If President Barack Obama's expanded system of background checks for gun buyers had come to a Senate vote anytime before the filibuster became a routine legislative delaying tactic, it would have passed by a close but still comfortable margin of 54-46 and become the law of the land.
Federally licensed gun dealers carry out background checks now, but the proposed measure, worked out in bipartisan cooperation by Sens. Pat Toomey, R-Pa., and Joe Manchin, D-W. Va., would have extended the checks to gun shows and online sales to screen out those with criminal records or histories of mental health problems. But that and every other piece of gun legislation failed April 17.
Unfortunately, in the last decade or so, the filibuster has become almost automatic, meaning it takes 60 votes to bring a piece of legislation to vote. When that happens, all that is required for passage is a simple majority, as the Founding Fathers intended.
The 60-vote hurdle did prevent a really bad piece of legislation from passing. Brought up the same day, it would have required that states recognize other states' concealed-carry laws, no matter how lax the requirements for a permit. The concealed-carry legislation failed 57-43 -- and still fared better than the bill for expanded background check, which supported by 90 percent of the American people, according to polls.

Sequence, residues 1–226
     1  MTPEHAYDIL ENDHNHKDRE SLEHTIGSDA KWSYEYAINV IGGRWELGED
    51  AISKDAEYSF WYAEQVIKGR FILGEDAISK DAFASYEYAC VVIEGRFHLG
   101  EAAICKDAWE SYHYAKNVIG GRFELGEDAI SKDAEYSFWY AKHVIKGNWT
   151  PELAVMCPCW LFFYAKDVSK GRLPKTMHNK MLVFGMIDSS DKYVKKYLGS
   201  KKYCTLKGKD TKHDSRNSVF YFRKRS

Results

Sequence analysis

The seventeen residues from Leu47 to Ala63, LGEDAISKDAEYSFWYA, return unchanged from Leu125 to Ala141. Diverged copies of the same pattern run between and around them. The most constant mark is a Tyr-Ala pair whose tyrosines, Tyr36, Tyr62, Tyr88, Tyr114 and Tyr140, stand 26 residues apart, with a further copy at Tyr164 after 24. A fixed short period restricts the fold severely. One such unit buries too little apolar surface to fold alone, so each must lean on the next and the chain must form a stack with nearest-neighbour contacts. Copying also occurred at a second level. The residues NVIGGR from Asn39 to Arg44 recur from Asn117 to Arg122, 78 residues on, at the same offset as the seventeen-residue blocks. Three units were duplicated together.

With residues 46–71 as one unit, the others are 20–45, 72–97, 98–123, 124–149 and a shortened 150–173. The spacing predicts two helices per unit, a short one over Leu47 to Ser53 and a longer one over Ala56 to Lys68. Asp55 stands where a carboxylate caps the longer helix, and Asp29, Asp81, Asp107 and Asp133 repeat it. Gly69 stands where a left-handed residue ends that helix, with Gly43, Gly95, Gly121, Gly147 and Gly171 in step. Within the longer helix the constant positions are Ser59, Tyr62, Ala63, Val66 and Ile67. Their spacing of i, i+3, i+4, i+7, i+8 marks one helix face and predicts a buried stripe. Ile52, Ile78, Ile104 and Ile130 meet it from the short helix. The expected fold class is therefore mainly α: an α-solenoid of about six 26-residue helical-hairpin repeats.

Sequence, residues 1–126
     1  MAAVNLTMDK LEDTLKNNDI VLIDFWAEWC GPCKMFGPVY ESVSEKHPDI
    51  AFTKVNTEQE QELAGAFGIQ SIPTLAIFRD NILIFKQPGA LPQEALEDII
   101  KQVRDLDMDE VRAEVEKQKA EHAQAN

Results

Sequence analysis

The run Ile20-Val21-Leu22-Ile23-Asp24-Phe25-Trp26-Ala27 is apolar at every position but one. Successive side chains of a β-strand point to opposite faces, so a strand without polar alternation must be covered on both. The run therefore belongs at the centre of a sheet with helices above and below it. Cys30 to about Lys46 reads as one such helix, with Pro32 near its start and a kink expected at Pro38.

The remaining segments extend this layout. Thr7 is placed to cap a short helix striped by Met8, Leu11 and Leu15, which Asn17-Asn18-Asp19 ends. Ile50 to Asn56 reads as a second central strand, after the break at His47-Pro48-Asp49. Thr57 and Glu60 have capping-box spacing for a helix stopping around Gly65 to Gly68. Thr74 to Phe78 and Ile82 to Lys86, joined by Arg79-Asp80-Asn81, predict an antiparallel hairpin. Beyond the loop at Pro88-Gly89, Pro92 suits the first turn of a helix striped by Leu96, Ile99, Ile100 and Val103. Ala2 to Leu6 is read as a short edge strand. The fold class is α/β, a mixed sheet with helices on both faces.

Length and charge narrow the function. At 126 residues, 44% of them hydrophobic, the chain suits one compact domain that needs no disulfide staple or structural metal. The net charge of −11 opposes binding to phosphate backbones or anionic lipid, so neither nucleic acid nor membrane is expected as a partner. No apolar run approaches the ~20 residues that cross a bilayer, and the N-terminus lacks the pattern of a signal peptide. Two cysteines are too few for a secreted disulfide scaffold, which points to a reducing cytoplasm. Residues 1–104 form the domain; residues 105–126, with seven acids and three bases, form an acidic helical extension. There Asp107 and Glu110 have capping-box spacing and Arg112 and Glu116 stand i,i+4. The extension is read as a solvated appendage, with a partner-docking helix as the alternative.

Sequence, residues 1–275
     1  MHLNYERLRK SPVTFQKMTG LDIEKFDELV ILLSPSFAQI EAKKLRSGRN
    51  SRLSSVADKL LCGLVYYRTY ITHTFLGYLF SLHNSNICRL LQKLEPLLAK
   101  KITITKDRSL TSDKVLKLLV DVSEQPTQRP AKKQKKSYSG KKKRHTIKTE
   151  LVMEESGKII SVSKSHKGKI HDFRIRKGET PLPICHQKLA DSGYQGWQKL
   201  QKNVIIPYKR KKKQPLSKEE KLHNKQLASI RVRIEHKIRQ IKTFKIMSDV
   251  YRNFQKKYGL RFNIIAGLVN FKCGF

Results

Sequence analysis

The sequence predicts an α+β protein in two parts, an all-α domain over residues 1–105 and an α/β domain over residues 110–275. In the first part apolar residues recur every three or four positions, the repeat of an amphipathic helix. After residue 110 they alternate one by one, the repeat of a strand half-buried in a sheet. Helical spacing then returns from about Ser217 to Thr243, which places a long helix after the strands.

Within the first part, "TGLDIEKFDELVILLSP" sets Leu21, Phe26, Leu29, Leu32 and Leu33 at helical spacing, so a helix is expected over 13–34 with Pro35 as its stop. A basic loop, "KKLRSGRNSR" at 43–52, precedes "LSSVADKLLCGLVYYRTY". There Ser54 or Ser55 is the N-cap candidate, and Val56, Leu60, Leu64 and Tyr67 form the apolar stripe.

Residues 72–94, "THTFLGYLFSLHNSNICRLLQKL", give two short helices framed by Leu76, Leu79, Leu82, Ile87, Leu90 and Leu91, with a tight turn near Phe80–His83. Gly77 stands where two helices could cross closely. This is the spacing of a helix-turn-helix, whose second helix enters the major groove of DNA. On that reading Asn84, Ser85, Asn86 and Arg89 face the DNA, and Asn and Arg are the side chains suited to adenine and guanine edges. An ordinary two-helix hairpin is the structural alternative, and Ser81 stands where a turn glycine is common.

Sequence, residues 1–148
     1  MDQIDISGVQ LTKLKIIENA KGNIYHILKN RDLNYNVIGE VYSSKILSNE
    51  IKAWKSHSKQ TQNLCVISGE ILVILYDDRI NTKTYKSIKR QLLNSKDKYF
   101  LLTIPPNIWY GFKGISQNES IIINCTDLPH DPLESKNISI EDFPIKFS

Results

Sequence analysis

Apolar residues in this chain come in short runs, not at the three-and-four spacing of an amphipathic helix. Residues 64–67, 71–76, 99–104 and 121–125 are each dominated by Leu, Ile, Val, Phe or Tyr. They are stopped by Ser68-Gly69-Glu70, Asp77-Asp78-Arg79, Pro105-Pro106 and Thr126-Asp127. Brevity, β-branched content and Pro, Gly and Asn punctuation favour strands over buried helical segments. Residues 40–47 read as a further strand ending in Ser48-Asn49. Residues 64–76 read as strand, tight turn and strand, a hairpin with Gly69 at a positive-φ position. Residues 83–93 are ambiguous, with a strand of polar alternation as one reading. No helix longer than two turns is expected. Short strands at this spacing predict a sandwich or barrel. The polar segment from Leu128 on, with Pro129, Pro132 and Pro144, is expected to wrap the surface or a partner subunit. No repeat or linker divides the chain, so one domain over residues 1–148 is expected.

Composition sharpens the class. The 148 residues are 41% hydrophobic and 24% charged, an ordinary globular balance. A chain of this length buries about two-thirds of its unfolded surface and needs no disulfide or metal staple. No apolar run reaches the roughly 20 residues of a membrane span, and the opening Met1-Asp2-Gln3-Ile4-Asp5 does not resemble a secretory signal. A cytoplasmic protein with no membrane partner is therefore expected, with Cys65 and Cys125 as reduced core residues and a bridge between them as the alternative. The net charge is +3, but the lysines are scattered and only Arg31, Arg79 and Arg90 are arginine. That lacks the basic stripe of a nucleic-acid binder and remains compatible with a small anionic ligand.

The background-check bill is technically not dead. Senate Democratic leader Harry Reid of Nevada could bring it up at any time, but it would be a futile gesture -- unless there's another school massacre like Newtown, Conn., where 20 children and six adults were gunned down by 20-year-old Adam Lanza, who also killed his mother and himself. Or another Virginia Tech, site of the nation's deadliest shooting in 2007, when 32 people, mostly students, were murdered.
After each such shooting, there is a huge public outcry to tighten the laws governing guns and the people who have access to them.
What we have learned from Newtown and Virginia Tech is that there is a window of barely two months for Congress to act, when public support for legislative action is at its height and the lawmakers are more frightened of angry voters than of the gun lobby.
The kind of mass shooting that would impel Congress to move that fast -- faster than Newtown or Virginia Tech -- is frightening to contemplate. So between shootings, we don't think about it.